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Brain Res. 1990 Jan 29;508(1):1-6.

Aging-related prolongation of calcium spike duration in rat hippocampal slice neurons.

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Department of Physiology and Pharmacology, Bowman Gray School of Medicine, Wake Forest University, Winston-Salem, NC 27103.


Calcium (Ca) spike potentials were investigated in cesium-loaded, tetrodotoxin (TTX)-treated CA1 pyramidal cells in hippocampal slices from young-mature and aged rats. The duration of single Ca spike potentials was prolonged in cells from aged rats, indicating that previously observed age-related changes in Ca-dependent mechanisms (e.g. in the K-mediated afterhyperpolarization and in frequency potentiation) may result from an age-related increase of voltage-dependent Ca conductance. Since we recently found that Ca spike duration in hippocampus can be modulated strongly by a form of Ca-dependent inactivation of Ca current, spike inactivation paradigms also were examined. However, following 5- or 10-s-long depolarizing pulses, or during a 2-Hz train of elicited Ca spikes, there were no age differences in percent inactivation. These results do not support (but do not fully rule out) the possibility that impaired Ca-dependent inactivation underlies the increase in the Ca spike with aging. Conceivably, this prolongation of voltage-dependent Ca influx could have implications for our understanding of normal and abnormal brain aging.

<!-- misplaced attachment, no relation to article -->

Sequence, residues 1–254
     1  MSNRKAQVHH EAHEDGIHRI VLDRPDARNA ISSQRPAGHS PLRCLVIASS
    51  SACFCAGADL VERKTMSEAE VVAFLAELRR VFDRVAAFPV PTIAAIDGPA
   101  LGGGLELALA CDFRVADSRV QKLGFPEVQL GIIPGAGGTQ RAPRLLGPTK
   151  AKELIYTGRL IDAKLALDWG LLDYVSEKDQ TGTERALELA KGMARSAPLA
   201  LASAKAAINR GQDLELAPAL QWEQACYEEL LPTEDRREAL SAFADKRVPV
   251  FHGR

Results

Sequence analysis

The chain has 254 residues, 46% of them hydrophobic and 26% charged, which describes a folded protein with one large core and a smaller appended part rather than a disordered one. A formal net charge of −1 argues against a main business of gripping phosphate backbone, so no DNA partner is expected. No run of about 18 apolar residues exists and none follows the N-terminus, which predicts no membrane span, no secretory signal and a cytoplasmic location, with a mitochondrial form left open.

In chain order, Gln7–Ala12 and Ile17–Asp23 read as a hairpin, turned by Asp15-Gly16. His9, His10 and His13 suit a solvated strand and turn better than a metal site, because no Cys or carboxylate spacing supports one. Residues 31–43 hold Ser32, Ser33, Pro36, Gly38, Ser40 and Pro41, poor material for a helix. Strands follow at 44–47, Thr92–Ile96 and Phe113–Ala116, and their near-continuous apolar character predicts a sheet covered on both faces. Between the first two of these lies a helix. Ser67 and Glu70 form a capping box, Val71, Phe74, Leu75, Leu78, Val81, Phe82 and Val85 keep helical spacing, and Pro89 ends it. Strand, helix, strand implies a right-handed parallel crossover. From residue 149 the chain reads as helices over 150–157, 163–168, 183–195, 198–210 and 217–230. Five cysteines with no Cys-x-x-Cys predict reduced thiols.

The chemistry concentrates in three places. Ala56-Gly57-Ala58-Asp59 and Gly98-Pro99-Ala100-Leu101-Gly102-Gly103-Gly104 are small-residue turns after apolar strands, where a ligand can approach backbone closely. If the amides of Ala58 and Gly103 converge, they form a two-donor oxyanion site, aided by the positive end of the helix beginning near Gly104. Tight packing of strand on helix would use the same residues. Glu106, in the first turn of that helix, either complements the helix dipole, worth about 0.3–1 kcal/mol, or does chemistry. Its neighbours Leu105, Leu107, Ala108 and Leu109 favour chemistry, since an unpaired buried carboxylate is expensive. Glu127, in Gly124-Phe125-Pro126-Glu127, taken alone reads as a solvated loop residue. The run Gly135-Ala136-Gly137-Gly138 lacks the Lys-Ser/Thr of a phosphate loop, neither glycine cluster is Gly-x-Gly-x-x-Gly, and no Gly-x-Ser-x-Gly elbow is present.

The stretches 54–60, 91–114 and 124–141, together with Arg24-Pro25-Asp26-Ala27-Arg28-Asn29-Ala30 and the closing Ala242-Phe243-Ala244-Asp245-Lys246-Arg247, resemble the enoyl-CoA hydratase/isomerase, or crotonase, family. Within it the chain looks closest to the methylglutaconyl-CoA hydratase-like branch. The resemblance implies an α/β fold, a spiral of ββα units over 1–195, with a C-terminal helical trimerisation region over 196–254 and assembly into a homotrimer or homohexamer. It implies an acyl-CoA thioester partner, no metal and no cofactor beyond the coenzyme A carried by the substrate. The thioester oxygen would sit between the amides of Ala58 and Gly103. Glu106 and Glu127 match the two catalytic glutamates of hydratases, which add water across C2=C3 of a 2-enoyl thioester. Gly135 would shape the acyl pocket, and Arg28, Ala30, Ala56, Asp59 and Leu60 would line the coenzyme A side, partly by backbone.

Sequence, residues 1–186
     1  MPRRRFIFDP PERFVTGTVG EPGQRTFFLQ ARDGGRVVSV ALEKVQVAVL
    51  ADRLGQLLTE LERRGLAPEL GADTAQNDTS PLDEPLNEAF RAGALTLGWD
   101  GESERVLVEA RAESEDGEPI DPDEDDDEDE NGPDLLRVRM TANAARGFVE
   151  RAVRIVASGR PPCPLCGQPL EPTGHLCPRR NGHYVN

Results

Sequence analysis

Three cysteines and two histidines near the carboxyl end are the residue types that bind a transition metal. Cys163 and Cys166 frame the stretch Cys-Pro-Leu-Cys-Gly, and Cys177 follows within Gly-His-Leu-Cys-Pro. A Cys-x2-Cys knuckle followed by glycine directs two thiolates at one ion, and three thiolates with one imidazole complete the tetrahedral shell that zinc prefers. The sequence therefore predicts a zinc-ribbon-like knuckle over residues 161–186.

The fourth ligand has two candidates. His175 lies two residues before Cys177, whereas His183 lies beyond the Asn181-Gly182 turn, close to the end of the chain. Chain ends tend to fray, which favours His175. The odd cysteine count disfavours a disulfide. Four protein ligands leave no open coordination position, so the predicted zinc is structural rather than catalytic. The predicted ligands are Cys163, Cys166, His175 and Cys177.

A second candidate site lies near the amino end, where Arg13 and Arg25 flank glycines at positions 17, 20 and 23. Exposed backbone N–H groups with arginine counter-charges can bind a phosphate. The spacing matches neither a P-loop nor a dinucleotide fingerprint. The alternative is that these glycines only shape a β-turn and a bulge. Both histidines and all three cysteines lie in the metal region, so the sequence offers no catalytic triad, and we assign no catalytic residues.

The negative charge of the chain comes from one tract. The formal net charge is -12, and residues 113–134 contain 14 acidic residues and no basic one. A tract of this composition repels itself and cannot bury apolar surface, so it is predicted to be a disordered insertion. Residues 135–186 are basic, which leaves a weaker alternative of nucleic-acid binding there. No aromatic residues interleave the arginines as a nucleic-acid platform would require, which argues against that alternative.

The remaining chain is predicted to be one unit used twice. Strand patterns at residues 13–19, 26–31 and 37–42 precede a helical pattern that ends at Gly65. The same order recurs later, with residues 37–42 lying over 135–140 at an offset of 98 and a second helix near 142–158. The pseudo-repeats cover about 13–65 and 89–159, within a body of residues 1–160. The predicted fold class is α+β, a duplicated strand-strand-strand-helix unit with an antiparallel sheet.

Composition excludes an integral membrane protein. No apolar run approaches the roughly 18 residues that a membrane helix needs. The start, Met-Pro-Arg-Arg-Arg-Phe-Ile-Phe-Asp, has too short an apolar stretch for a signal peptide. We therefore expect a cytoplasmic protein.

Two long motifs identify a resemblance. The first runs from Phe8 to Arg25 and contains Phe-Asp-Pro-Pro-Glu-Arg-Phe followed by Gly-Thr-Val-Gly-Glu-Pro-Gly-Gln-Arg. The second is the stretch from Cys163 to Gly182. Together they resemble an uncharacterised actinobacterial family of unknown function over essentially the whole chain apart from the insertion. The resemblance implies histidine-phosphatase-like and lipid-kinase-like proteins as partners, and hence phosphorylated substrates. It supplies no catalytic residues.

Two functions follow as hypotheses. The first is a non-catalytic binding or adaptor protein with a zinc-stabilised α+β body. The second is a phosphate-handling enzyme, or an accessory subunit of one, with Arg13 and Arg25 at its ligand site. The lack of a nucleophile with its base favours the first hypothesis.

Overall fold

[Indexed for MEDLINE]

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